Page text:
Baby Kylo: 'Star Wars' Names Raced Up the Charts in 2016

Star Wars The Force Awakens poster
(Image credit: Disney/Lucasfilm)

While the top of the charts is still dominated by baby Sofias, Emmas, Liams and Aidens, names inspired by the popular science-fiction series have made double-digit gains. Rey, Finn, Jedi and even old-school "Star Wars" names like Lando (a scoundrel-turned-leader in the films) and Leia raced up the charts in 2016, according to data from the Social Security Administration.  [Little Liam: The Top 10 Baby Names of 2016]

And some parents seem to have gone to the dark side. One of the fastest-rising names? Kylo, after the dark warrior Kylo Ren from "Star Wars: The Force Awakens." Over the span of a year, Kylo went from the 3,269th most popular name to the 901st most popular name. SPOILER ALERT: Ren kills his father in the movie.

"What dad wants to name his son after a son who kills his dad?" said baby-name expert Laura Wattenberg, who analyzed the latest data on "It doesn't seem like the most auspicious choice."

Style over substance

But it turns out that celebrity-inspired names don't typically have much to do with the virtue of its most famous bearer, at least not in recent years. The parents of all the baby Kylos out there are probably not hoping to be killed off by their progeny.

The names "are really about the sound and the style," Wattenberg said.

For instance, boy monikers that are short and smooth, such as Leo, Arlo and Kai, have been rising in popularity. So Kylo, which is essentially a mash-up of the popular names Kai and Milo, may have the perfect ring for would-be parents, patricidal connotations be damned.

It's not totally unheard of to name a child after an evil character. Villains have also inspired a handful of baby names in the past, provided the names had a stylish ring: names like Lex (after Lex Luthor, the villain in the "Superman" movies), Auric (the villain in the James Bond film "Goldfinger") and Bellatrix (the evil Voldemort loyalist in the "Harry Potter" series), Wattenberg has found.

(Other villains in popular science-fiction or fantasy series, like the truly horrible Prince Joffrey in "Game of Thrones," have not inspired a similar baby-naming trend. But in Joffrey's case, that's probably not because of Joffrey's moral repugnance, but because the name sounds too much like Jeffrey, which is a "dad" name, Wattenberg said.)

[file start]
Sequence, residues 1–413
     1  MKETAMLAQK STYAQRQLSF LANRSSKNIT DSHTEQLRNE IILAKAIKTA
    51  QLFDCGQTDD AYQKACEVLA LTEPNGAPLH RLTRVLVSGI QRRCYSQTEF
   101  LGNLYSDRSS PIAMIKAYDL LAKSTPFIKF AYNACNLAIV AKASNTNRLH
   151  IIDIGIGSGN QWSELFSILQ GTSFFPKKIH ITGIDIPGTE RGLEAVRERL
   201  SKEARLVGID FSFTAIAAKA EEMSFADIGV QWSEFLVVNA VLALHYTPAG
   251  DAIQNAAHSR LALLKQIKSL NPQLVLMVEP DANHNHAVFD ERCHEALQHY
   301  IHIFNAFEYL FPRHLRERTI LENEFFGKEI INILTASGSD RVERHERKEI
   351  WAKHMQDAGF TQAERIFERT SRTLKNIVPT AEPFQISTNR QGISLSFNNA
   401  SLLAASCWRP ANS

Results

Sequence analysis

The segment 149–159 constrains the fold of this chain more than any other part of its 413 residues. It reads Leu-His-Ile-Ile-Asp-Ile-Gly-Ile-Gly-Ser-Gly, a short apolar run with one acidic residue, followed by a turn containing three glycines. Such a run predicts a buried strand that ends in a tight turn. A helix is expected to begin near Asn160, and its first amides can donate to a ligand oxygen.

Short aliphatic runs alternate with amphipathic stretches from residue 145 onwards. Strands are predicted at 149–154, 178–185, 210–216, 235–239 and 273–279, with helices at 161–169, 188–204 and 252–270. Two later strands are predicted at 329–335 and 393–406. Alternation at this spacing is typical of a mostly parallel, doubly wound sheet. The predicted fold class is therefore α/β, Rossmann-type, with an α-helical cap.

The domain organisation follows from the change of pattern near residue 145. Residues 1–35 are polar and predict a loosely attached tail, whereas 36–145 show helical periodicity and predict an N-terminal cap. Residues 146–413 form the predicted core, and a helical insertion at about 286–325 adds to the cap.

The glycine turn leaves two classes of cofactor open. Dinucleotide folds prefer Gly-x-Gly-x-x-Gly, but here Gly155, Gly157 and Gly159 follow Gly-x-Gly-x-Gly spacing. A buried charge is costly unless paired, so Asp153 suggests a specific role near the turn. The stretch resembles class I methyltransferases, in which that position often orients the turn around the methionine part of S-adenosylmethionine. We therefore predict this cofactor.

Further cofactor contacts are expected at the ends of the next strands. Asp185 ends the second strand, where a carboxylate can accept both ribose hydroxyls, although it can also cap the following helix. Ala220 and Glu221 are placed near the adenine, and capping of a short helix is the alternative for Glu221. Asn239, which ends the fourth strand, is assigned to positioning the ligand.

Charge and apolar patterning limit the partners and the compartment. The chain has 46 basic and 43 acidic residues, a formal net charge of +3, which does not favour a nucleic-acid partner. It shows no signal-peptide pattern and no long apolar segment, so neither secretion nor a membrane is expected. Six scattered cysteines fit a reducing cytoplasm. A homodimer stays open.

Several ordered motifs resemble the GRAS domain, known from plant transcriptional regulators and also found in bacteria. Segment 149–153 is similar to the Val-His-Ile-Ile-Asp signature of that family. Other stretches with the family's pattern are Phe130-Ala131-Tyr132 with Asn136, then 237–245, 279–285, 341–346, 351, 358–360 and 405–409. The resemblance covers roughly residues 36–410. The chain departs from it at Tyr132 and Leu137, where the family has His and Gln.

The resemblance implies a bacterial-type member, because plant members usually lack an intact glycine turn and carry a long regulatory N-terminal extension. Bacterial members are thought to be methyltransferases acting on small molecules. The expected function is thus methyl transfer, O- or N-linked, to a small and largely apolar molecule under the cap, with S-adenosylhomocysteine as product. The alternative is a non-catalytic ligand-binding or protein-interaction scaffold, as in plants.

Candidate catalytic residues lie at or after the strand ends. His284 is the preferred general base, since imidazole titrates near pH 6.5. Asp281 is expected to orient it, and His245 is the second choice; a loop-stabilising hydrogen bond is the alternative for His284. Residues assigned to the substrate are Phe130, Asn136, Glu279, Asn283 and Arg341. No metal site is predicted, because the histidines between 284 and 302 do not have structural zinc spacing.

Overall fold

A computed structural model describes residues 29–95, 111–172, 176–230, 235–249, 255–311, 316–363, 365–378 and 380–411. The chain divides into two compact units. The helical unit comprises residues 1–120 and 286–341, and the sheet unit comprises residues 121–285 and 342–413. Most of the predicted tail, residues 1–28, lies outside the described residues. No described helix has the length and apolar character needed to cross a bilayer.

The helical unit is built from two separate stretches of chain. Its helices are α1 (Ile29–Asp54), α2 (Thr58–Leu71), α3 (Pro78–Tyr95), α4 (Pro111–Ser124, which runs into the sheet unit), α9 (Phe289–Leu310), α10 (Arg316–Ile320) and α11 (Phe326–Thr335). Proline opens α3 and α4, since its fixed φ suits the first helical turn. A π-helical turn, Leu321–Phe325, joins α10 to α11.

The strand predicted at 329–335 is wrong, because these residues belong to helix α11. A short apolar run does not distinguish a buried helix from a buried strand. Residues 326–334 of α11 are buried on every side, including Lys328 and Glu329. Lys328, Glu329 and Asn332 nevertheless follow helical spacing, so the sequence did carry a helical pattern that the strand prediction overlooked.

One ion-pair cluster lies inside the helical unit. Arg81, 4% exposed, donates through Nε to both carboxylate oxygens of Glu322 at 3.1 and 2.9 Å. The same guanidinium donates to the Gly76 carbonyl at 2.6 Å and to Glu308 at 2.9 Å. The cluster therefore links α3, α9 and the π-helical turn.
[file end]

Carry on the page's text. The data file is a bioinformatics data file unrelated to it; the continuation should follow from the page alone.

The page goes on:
Celebrity copycats

Other celebrity names to rise in popularity this year include "Conor," a variant spelling of the name that is likely inspired by mixed-martial artist Conor McGregor; "Adonis," after the son of boxer Apollo Creed in the movie "Creed;" and "Zayn," after singer and heartthrob Zayn Malik, Wattenberg found.

For girls, the name "Kehlani" rose dramatically, after the singer of the same name. Adaline, inspired by the film "The Age of Adaline"; and the variant spelling "Adeline"; and "Royalty," the name of singer Chris Brown's new daughter; also became much more popular this year, Wattenberg found.

Most of these names were not aspirational. However, legendary celebrities who died did inspire a crop of baby Princes, Wilders and Bowies in 2016, Wattenberg said. Even the one-word moniker "MuhammadAli" rose in popularity last year, she said.

One crop of celebrity names that has been shunned in recent years: political names.

"Naming after politicians is a modern taboo," Wattenberg said.

However, the family members of politicians, such as the first lady or the president's children, are fair game. So the names "Melania" and "Barron" rose in popularity this year, while the name "Donald" fell, she said.

Originally published on Live Science.

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Tia Ghose
Live Science Assistant Managing Editor

Tia is the assistant managing editor and was previously a senior writer for Live Science, a sister site. Her work has appeared in Scientific American, and other outlets. She holds a master's degree in bioengineering from the University of Washington, a graduate certificate in science writing from UC Santa Cruz and a bachelor's degree in mechanical engineering from the University of Texas at Austin. Tia was part of a team at the Milwaukee Journal Sentinel that published the Empty Cradles series on preterm births, which won multiple awards, including the 2012 Casey Medal for Meritorious Journalism.